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December 08, 2015

Comments

Catriona

And @Tomi or any one of Hillary's apologists, we are the only country in the world whose founding documents protect our right to free speech. We are exceptional.

Winter

@Catriona
"As for the social issues, it is entirely possible that next year isn't about social issues."

I am pretty sure Hillary will drive the social issues home. Just as she will drive home every partial skeleton in Rubio's closet. And she has the cash to do so.

Tomi T Ahonen

Hi all

CNN Debate is over, I have short debate review and judging, plus an update to the Spice Girls edition to the race.. enjoy

Tomi Ahonen :-)

Tomi T Ahonen

Hi Winter

First on Cruz scared of Trump. He may be. Cruz also is clearly acting as if he is timid of, or afraid to attack Trump. Partly at least this is calculated move to ensure Trump current supporters will not 'hate' Cruz whenever they quit supporting Trump - I mean this is Cruz's calculation where Cruz believes Trump's supporters will desert him at some point. If Cruz can get the OTHERS to attack and tear down Trump, and Cruz has roughly similar positions, then Cruz can hope to capture those supporters. But if, as the article suggested, its actually 'toughness' that the voters want and see in Trump, then the won't go to the wimpy Cruz, they'd go to Chris Christie or someone like that (Carly Fiorina..).

But today's debate strongly enforced that view. I think Cruz becomes vulnerable to a new line of attack that he is somehow in the pocket of Trump, perhaps 'bought' by Trump and thus not presidential material. The most likely rival to run something like that would be Rubio as their little squabble is heating up between Rubio and Cruz.

The other point in that article, that it won't be until Hillary gets to face Trump, that Trump will feel the heat... that is bizarrely true. I have been obviously on this blog expecting fireworks by the rivals to tear down Trump. Can it be, that Trump has really scared them all with his bullying tactics that as long as they have some supporters (at 5% or more) nobody anymore dares attack Trump and only when they become essentially meaningless with 'nothing to lose' like say Kasich, Paul and Graham, then they are willing to attack Trump.. weird. But yeah, he is IMMENSELY vulnerable already now in the primary season, and far more so in the general election. We've seen Hillary hit Bernie hard, and Bernie has very little actual vulnerable space in the Democratic race. Now imagine Hillary with the rich target that Trump would be...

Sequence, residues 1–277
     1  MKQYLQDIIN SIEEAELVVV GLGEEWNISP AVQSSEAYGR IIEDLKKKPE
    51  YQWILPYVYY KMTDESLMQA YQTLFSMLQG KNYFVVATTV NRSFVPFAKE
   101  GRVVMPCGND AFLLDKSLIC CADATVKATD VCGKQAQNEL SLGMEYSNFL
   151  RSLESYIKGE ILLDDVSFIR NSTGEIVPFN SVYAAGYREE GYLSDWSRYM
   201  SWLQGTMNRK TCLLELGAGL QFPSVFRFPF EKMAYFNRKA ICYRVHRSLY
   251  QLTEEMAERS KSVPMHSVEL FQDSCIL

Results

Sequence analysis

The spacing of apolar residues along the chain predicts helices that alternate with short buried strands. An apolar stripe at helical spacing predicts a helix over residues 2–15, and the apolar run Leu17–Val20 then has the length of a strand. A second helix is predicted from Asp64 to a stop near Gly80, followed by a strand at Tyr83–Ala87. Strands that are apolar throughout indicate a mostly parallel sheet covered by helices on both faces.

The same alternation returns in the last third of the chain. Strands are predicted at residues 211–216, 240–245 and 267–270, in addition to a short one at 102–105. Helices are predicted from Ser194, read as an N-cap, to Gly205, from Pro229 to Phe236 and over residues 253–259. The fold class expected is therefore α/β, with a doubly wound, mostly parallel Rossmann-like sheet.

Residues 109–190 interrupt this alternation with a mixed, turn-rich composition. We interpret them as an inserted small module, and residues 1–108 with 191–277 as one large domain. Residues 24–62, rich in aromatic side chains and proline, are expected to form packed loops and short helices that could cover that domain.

On Hillary testing stuff against the rivals - yes that is happening, some reporting has been out already a while back that they are preparing for all possible GOP rivals but doing deep dives to a few most likely candidates. Recently they dropped Jeb from that list. Have a guess who are the 3 they are currently calculating that could be her rival? Cruz, Trump and Rubio in that order haha (exactly as I calculated on this blog a few months ago).

And yeah. Hillary is ambitious and very calculating. She also has the most competent Presidential election victory expert in residence, living in her household, husband Bill (I was going to write, in her bed, but I would guess they sleep in separate bedrooms). So the correct calculation is not to interfere now as long as it looks possible that either Trump or Cruz can win it. And wait. If at some point it looks like Rubio starts to get ahead, then she can interfere - to try to in some way help Cruz or Trump gain on Rubio and damage Rubio but yes, if Hillary could pick, she'd take Trump first and Cruz second and only third the lunatic Ben Carson as her rival. With Trump she gets the House flipped and her Senate victory is so big she gets a filibuster-proof majority. A rare condition Bill Clinton never had and what Obama had but only briefly early in his Presidency.